OK.

But, don't worry, we're not going to test you on the

material of the first midterm anyway, so it doesn't

make a difference.

The midterm will cover the material after

the first midterm.

OK.

Everything that we've done up to now, since the

first midterm up to

now, up to this week, including this week.

And, there are, on this webpage, you will find problems

for review, and you will also find a mock midterm.

It's not posted yet.

I will post it tonight, the mock

midterm.

Any questions about this, about the exam?

Next Tuesday, we will have a review lecture as before, in

which I will discuss all this material, and kind of try

to put it in perspective.

And, you will have a chance to ask me questions about it.

Yes.

[INAUDIBLE]

Oh, so there will be no quiz next week.

So, it's same deal as last time.

[INAUDIBLE]

Mock

midterm, the idea is to give you problems, which kind of

look similar to what you should expect.

Of course.

[INAUDIBLE]

Well difficulty is in the eye of the beholder, right.

So, for some people it will be more difficult, some people

it would be less difficult.

But, it should be in the same ballpark.

So, let's go back to the material of last week.

I mean last week, last Tuesday.

We talked about triple integrals, and we talked about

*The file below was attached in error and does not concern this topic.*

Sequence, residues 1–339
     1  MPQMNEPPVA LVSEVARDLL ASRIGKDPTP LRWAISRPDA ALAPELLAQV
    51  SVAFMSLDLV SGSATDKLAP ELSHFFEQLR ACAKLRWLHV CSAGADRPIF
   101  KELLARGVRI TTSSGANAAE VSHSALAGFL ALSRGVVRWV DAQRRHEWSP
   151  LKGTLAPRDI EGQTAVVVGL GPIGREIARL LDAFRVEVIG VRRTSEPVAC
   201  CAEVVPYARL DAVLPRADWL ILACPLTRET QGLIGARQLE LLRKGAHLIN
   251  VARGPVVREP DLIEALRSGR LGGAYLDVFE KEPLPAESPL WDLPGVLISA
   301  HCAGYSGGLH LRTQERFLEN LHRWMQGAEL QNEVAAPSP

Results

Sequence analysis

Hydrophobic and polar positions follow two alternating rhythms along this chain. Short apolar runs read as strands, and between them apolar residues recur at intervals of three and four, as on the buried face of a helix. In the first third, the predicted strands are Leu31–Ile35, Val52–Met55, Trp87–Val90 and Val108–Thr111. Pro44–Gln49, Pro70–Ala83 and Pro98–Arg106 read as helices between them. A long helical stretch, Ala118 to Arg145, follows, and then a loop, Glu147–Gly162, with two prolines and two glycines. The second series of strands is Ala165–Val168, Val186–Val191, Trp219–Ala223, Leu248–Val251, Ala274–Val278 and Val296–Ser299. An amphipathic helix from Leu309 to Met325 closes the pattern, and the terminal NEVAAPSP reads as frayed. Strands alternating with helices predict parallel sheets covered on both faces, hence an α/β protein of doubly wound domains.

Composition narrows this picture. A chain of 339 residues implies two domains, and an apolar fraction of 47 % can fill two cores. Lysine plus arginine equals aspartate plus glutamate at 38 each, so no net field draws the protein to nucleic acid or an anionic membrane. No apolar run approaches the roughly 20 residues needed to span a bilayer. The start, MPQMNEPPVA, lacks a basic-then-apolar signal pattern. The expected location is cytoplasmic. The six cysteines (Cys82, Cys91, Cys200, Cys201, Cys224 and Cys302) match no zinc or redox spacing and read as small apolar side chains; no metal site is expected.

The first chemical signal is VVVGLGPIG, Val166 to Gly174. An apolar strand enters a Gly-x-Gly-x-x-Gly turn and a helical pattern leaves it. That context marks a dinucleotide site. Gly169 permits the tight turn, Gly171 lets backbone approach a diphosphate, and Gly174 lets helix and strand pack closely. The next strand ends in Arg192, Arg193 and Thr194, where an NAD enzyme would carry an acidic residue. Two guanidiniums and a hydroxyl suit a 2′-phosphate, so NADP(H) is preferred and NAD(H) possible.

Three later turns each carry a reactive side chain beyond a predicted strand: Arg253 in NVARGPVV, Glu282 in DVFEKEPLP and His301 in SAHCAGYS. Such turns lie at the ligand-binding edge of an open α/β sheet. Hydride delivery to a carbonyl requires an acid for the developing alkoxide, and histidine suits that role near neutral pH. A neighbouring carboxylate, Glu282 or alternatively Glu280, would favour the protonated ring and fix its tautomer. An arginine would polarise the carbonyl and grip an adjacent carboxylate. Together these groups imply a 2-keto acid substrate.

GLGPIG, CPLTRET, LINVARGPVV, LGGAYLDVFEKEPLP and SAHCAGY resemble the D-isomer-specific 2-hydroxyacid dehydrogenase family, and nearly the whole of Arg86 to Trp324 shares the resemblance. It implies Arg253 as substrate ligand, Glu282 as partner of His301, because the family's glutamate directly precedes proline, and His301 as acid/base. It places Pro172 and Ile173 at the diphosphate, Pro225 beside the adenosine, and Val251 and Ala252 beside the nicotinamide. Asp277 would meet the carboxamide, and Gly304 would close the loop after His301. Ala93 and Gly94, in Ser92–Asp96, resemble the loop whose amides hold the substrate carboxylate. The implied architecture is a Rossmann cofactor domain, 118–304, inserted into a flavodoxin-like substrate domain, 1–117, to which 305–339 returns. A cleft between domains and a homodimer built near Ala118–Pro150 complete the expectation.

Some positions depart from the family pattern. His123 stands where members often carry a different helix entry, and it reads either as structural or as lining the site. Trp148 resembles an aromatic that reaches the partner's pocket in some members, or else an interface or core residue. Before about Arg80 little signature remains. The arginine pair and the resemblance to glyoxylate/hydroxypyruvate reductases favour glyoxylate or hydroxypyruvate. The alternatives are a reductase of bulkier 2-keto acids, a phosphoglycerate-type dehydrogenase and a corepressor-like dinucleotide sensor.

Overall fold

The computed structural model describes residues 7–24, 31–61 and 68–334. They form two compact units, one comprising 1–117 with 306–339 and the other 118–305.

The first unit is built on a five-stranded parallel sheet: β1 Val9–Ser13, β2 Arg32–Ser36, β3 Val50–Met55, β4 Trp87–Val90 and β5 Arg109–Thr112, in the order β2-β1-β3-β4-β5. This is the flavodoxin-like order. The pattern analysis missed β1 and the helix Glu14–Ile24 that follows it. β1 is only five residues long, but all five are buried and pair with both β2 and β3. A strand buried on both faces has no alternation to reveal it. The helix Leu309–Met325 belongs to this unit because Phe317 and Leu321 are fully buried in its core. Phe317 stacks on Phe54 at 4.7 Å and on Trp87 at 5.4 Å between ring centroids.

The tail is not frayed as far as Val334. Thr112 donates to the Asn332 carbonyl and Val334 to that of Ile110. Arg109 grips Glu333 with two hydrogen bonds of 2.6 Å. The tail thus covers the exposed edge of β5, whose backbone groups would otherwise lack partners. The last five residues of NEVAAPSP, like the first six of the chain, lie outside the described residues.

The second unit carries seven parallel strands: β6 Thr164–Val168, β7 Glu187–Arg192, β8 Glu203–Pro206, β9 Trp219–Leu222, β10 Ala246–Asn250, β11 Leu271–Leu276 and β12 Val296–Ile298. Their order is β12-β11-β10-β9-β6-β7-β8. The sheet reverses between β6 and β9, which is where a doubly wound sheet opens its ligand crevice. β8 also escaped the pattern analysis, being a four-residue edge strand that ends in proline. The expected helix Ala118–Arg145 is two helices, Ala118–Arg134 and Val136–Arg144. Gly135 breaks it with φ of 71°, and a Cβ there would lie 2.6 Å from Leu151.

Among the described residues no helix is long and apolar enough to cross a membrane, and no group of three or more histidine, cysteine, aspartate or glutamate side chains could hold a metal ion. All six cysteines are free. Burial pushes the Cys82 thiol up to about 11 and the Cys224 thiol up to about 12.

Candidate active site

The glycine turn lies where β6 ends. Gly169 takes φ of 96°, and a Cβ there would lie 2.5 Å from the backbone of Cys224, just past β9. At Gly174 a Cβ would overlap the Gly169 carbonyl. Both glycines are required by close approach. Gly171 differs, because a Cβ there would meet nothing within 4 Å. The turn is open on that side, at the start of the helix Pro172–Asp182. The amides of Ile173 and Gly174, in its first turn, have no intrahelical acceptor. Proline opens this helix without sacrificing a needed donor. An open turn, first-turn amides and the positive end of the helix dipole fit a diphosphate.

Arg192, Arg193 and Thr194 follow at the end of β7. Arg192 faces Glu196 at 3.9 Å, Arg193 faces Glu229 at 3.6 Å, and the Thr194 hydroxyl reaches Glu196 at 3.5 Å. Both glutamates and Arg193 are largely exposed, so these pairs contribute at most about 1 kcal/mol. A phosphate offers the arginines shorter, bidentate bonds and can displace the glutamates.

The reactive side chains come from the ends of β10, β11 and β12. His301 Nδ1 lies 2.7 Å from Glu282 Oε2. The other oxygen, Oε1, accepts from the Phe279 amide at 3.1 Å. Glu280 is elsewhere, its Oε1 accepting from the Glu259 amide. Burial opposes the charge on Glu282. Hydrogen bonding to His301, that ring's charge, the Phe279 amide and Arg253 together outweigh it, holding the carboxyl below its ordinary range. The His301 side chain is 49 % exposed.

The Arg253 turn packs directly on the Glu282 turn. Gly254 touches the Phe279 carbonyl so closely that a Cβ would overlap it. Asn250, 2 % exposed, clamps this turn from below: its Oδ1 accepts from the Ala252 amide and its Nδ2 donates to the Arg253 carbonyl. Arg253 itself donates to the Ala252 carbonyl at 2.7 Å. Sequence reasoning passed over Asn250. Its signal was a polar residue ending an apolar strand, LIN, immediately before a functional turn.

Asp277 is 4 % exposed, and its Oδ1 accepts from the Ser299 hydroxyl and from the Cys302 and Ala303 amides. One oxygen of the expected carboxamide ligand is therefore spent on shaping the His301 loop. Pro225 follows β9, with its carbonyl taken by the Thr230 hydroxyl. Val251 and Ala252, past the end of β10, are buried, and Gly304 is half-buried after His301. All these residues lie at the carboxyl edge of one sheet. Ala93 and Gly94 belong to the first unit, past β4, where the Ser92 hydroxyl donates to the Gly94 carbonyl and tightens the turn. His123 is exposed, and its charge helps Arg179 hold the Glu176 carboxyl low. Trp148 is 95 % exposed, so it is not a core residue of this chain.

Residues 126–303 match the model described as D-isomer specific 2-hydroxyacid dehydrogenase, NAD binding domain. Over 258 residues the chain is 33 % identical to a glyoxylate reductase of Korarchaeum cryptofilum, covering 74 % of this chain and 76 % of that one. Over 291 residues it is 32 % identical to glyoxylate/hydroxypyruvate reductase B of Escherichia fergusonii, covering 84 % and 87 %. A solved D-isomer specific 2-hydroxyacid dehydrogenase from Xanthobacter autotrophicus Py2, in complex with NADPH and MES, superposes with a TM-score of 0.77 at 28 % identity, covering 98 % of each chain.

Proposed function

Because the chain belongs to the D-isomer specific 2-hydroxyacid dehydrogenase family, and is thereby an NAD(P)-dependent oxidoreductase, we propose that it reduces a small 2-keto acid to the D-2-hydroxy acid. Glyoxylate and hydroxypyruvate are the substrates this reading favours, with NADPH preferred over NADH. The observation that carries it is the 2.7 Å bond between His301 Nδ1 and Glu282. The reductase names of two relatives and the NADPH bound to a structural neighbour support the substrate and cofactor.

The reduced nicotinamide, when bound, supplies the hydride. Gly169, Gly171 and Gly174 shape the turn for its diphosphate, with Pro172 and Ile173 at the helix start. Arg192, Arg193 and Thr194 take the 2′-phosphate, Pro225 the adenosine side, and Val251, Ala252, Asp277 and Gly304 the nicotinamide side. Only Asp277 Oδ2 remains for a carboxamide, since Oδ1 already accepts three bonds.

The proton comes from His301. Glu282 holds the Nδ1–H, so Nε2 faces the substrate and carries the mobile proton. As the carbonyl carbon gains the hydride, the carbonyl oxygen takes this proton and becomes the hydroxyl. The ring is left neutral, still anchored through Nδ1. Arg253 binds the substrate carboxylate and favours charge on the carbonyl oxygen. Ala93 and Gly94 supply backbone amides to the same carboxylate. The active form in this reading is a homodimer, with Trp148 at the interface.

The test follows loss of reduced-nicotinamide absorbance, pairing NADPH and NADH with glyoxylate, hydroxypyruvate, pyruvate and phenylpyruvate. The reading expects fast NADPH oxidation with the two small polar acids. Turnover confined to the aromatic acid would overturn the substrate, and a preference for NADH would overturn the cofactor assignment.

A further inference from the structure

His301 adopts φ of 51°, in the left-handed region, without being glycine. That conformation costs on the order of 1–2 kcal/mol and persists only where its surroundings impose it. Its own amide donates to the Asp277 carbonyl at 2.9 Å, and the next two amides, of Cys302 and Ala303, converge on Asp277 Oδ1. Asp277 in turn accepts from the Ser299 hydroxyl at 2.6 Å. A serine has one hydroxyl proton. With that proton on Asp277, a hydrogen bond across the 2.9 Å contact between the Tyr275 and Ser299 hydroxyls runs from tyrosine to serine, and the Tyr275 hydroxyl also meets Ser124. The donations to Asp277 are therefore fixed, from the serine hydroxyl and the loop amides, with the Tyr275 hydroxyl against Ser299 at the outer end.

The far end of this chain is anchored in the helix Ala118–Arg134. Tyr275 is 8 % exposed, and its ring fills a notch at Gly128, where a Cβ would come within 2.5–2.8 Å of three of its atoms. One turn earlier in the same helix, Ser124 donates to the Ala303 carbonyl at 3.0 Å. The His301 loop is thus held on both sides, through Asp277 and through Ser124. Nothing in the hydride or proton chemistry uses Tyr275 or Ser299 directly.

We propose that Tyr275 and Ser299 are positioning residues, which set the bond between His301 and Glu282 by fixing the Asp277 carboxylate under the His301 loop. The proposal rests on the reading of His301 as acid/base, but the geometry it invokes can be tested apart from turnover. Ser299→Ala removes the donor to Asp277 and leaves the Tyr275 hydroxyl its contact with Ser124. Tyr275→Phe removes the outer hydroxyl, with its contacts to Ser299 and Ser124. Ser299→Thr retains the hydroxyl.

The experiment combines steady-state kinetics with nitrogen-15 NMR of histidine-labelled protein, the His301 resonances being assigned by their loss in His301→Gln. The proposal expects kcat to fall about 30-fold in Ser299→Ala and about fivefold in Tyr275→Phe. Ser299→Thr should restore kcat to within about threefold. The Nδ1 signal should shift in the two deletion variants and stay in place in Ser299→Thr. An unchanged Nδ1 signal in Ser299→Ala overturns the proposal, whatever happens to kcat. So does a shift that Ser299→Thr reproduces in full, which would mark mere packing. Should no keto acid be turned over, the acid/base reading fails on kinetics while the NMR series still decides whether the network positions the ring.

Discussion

special coordinate systems for triple integrals -

cylindrical and spherical coordinate systems.

OK.

So, I want to say a few words, general words

about triple integrals.

When we see triple integrals, it means we

have something like this .

Where E is the region in three-dimensions space,

something we denote by R3 f is a function, and dv is what we

can think of as kind of a measure of integration, which

we would usually write as: dx, dy, dz.

In some order, but in fact we know that you can use

other coordinates as well.

And, today we'll talk more about the possibility of using

different coordinate systems.

So, the basic set up for calculating this integral is --

as I already explained last time, and has been explained

last week, but I want to repeat it one more time -- is that you

want to represent this triple integral as an

integrated integral.

In other words, you want to break it into steps.

We're at eat step you're just evaluating a single integral,

an integral in one variable.

Something which we learned before, in one

variable calculus.

And the way you do it, is first of all, you find, you find

the projection of your three-dimensional region.

So, you have some three-dimensional region here.

But, the first thing you do is you find its projection on

one of the planes, one of the coordinate planes.

Let's say xy plane, but it could be xz or yz plane.